Girth measurements of trees can generate interesting comparative data, but this becomes even more compelling when the occurrence of ancient and veteran trees is linked with local history. Read on….
There are 3 large Yew (Taxus baccata) trees in the cemetery of the (now) Baptist Church of St John the Baptist in Glyncorrwg (right of centre in photo above). Two of these trees have been classified as veterans by the Ancient Yew Group. As a guideline, a Yew tree with a girth (measured at a height of 1.5 metres = 5 feet) between 4.9 metres and 7.0 metres is classified as a veteran. Anything bigger than that is regarded as an ancient tree. The largest of the 3 Glyncorrwg trees had its girth (circumference) at a height of 1.5 metres measured as 6.63 metres in 1998. A measurements made today, i.e. 15 years later, was 6.73 metres, which is very close to the 1998 figure.
However, as noted by the Ancient Yew Group, this tree has split into two trunks and this makes comparative measurements problematic.
The individual trunks are about 4.0 metres in girth and the bole below the split is more than 6.0 metres in girth. Clearly, this is a big tree, which can be categorised as veteran. This means that it is probably older than 500 years and less than 1,200 years old. Comparing exact measurements within categories is fairly meaningless because the errors and confidence limits associated with the relationship between girth measurements and tree age are very large. But, placing trees in categories is important. The Ancient Yew Group gives expert guidance for this.
The other 2 Glyncorrwg trees are smaller, (measurements today - 3.68 metres and 3.85 metres), but one of them has a significant portion of its trunk missing. All 3 trees are surrounded at their bases by their own stone retaining wall, which appear to have been added (or restored) in recent times. Consequently, the lower portions of the boles of the trees seem to be buried in soil.
The earliest record that I can find of the Glyncorrwg Yews is from a document written by Nicholas Carlisle in 1811, who wrote ‘In the Church-yard of Glyncorwg (sic) , are five remarkable Yew Trees, the largest of which (in 1810) measures 10 yards 4 inches in circumference.’ There are a number of interesting things here. Firstly, we have the date, which is more than 200 years ago. Secondly the girth of the largest tree (given as 30 feet) is just over 9 metres. Such a tree would be categorized as ancient, i.e. over 800 years old and probably over 1,000 years old, or more. Thirdly, there were 5 trees! In other words, 2 have gone and it looks as if one of them was already an ancient specimen 200 years ago. Interestingly this tree was recorded as ‘still there’ in 1933 by Hyde and Harrison (Welsh Timber Trees, 1977), so there may be someone in Glyncorrwg who can remember it.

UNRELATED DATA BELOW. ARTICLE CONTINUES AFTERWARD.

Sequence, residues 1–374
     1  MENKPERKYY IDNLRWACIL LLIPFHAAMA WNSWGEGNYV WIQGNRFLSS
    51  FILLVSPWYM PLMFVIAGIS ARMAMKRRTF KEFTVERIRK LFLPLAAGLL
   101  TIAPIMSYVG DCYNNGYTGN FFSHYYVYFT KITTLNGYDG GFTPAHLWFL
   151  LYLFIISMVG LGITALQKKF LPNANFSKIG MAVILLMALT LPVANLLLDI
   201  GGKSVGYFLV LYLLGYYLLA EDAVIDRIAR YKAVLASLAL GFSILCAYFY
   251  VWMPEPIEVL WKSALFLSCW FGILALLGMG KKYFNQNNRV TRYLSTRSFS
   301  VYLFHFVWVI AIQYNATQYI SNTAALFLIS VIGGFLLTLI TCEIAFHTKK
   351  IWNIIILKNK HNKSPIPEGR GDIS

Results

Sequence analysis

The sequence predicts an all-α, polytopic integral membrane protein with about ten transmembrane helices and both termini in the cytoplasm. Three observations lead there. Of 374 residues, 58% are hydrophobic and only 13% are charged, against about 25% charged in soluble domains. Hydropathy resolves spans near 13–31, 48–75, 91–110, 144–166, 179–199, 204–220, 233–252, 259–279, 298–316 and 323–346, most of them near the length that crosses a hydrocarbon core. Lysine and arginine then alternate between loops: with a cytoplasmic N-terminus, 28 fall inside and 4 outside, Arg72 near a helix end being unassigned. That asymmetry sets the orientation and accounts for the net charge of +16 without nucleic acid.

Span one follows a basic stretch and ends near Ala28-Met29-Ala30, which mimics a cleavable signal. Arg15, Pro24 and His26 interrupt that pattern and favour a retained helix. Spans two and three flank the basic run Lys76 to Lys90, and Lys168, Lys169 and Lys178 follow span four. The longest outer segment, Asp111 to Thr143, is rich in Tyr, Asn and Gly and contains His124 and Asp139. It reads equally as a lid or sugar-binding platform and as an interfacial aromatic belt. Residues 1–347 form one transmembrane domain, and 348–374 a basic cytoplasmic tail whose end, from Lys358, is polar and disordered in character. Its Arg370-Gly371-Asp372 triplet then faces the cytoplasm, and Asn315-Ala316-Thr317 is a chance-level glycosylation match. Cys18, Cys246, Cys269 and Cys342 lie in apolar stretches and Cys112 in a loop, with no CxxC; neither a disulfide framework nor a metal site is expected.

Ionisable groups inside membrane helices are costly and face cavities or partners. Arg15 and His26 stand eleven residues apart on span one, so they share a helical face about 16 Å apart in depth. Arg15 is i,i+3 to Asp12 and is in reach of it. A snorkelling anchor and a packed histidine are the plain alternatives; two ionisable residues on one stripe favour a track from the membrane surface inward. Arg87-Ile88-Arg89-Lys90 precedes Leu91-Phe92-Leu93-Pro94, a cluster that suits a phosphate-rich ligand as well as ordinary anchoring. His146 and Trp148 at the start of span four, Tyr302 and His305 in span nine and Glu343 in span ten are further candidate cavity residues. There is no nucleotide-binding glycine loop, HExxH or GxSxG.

So how does this match up with local history? The church in Glyncorrwg cemetery (St John the Baptist) appears to have a long pre-reformation history. Although most of the church as it stands now is about 100 years old, it also has a medieval history. The current building, rebuilt in 1907, has the original east window, holy water stoup and font derived from the earlier church, estimated to be about 600 years old. In fact some evidence links the original church with the Cistercian Abbey at Margam. All this is consistent with the occurrence of veteran trees that are still there. But what about that ancient tree? Perhaps it was planted by the monks in the 12th century, but, perhaps it was even older than that. Could it have been planted by Celtic Christians? The church’s web site (www.parishofglyncorrwg.co.uk/) suggests that the structure and location of the cemetery indicate a Celtic origin. Fascinating stuff!